Mr. Cheddar here.
Yes I know, I know….I do look extra handsome in that photo, don’t I??
What can I say…The camera does ♥ me! One of my all-time fav publicity shots. No joshin’
Well, the summer heat is finally over and I’m feeling much friskier these days.
Thought it was high time that I shared another post too and this one’s about a topic near and dear to my heart: K-I-B-B-L-E!!!!
Probably my fav word in the whole wide world.
And speaking of that wonderful word, did you know that there is a right way and wrong way to store the oh so precious KIBBLE? Apparently there are a lot of humans out there who don’t know about this most important subject.
It was brought up (no pun intended… snort) in this recent first issue of The Scoop newsletter and written by the folks over at Petcurean who btw are the makers of some of my oh so fav foods: NOW and GO! I even wrote reviews about their fine products over at My Real Life Reviews a while back. So when they talk, I listen!
Here’s the link to the newsletter including the blurb on pet food storage and some other interesting topics. Some excellent advice for cat-owned humans and oh yeah for canines too.
Meowmie says I gotta include that about the DOGS!!!
Speaking of Meowmie, she has a couple of other points she’d like to add re: pet food storage.
Take it away Meowmie…but not the food bowl, ok!!!
I was so pleased to see this article re: pet food storage as I think it’s a topic that a lot of people don’t think much about. But rancidity is a real problem if pet food is not stored properly. One of the things I’d like to add in addition to the good info. provided by Petcurean is to buy only as much food at one time as a pet will consume in a reasonable length of time.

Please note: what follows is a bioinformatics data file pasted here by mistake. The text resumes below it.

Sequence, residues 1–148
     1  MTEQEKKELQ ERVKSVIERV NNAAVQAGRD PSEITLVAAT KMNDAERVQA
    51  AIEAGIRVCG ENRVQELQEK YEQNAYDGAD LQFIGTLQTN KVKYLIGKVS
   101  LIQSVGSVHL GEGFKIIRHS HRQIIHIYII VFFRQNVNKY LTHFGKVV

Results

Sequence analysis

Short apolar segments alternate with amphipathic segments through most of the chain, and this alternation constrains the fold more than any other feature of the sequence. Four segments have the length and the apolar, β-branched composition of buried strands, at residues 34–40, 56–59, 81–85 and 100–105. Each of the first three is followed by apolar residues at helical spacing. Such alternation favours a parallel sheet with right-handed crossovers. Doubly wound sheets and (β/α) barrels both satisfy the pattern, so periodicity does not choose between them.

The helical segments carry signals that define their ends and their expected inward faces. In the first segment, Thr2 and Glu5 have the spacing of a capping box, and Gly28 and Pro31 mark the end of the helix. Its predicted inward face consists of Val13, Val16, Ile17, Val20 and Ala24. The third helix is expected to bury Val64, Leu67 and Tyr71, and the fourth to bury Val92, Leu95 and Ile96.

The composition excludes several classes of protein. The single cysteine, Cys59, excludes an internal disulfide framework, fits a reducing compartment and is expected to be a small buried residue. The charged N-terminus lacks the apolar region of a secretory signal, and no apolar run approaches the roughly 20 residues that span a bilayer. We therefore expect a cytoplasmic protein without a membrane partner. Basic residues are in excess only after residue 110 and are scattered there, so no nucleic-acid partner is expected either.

I cringe when I see people buying huge bags of kibble at the pet stores, for only one or two pets.
Every time the bag is opened and closed, air gets in and freshness is compromised. It might cost a bit more to buy smaller bags but it is so worth it to keep our pets healthy. And as it says in the newsletter, pouring kibble into plastic containers is not a good idea either, it should be kept in it’s original packaging and sealed tightly between feedings.
I’d like to see a zip- top added to these bags. Maybe something the pet food manufacturers should consider.
Also, watch those expiry dates and take note of any change in color or smell of pet foods. Rancidity can be a serious threat to a pet’s health.
Mr. Cheddar and I hope you find this information helpful. And do pass it along!
Chiao (make that chow) for now. C and G